Analyzing Patterns Within Academic and Legal Definitions: a Qualitative Content Analysis of the Term "Cyberbullying" Page: 32
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in this study also revealed that they often do not report the abuse for fear of their
technology privileges being taken away. Another revelation was that a majority of their
abuse occurred via cell phone during school hours and thus the students did not report it to
school officials because it was against school policy for them to have their phone during
school hours. Furthermore, students felt that even if they did report the problem, that
school officials would not be able to help them stop the abuse (Agaston et al., 2007).
Similarly, Li (2010) conducted a study that validates many findings of the Agaston et
al. 2007 study. The author found that several themes emerged from her study. First, she
found that of the students who were upset about the cyberbullying abuse, only about 10%
of students informed an adult. Second, she found that students perceived that informing an
adult would not make the situation better; instead, it could make it worse. Fewer than one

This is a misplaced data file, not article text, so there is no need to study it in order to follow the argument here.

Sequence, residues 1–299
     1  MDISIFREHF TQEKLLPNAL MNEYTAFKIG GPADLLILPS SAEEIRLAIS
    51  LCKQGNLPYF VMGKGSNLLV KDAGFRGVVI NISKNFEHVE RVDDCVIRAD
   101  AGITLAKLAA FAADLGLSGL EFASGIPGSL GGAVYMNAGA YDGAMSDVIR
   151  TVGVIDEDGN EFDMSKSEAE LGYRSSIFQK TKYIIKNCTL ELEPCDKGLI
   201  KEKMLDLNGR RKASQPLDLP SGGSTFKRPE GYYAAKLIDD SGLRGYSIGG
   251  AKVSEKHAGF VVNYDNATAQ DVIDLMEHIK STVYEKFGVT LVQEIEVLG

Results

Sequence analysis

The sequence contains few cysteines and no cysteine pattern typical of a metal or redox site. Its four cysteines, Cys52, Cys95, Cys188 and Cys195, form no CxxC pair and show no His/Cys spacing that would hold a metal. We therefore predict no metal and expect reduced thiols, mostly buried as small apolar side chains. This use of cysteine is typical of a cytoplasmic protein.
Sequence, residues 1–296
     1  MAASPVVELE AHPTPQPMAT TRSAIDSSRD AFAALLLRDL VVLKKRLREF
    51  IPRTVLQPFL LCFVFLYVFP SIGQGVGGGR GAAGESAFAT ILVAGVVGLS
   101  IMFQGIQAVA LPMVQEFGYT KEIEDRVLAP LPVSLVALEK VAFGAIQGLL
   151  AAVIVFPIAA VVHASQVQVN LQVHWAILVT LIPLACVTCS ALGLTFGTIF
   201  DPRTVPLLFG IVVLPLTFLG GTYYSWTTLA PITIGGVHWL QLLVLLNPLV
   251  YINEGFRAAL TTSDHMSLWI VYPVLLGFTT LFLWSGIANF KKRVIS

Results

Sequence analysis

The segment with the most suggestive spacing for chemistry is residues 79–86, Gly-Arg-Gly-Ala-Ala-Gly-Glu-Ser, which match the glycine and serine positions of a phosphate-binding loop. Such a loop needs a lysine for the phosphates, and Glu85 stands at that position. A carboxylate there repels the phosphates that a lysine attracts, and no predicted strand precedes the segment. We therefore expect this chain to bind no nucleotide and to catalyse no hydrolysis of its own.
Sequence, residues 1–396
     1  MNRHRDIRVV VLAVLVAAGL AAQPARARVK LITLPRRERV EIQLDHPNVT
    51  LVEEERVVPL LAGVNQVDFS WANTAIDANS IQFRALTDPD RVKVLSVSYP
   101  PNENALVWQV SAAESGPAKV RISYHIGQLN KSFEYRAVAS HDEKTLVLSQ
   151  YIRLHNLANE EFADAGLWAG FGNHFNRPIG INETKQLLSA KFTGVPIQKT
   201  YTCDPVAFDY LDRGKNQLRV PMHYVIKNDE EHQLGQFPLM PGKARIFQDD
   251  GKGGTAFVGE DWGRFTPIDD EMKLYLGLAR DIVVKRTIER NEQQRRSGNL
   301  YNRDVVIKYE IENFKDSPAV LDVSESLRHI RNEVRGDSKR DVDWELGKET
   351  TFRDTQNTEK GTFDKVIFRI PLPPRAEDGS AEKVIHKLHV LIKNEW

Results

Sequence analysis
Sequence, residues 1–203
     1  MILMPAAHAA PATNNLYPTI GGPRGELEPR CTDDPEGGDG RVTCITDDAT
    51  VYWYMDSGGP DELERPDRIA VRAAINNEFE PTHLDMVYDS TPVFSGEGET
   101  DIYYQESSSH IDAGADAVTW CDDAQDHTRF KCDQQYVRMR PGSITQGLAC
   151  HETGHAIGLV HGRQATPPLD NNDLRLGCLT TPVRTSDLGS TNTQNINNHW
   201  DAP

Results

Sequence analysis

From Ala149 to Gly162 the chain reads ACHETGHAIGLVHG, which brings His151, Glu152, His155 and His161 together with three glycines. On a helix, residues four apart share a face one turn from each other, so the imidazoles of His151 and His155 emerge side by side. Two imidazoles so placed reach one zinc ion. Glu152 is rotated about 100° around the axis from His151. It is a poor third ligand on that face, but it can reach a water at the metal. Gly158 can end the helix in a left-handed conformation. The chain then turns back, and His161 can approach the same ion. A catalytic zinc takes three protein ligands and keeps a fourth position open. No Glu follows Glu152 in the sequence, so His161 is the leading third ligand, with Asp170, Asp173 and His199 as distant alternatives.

in six students perceived that the situation improved because they told an adult. Students
reported that they perceived that adults in their schools actually tried to help only three
percent of the time. While this only represents perception, it has implications for how
schools handle such reports. Of the students who did not tell an adult at their school, most
believed that the school would not, or could not do anything about the abuse; worse yet,
students feared the authority figures would not believe them in the first place. One
important student perception was that reporting the abuse may actually make it worse in
the future, and could even result in (the victim) getting in trouble or losing technology
privileges at school.
Students in another study revealed that while they were aware of some strategies
for avoiding cyberbullying, they were less aware of how to avoid or block objectionable
websites, or help others when they are a bystander to cyberbullying (Agatson et al., 2007).
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Winn, Matthew R. Analyzing Patterns Within Academic and Legal Definitions: a Qualitative Content Analysis of the Term "Cyberbullying", dissertation, August 2013; Denton, Texas. (digital.library.unt.edu/ark:/67531/metadc283860/m1/33/: accessed March 23, 2018), University of North Texas Libraries, Digital Library, digital.library.unt.edu; .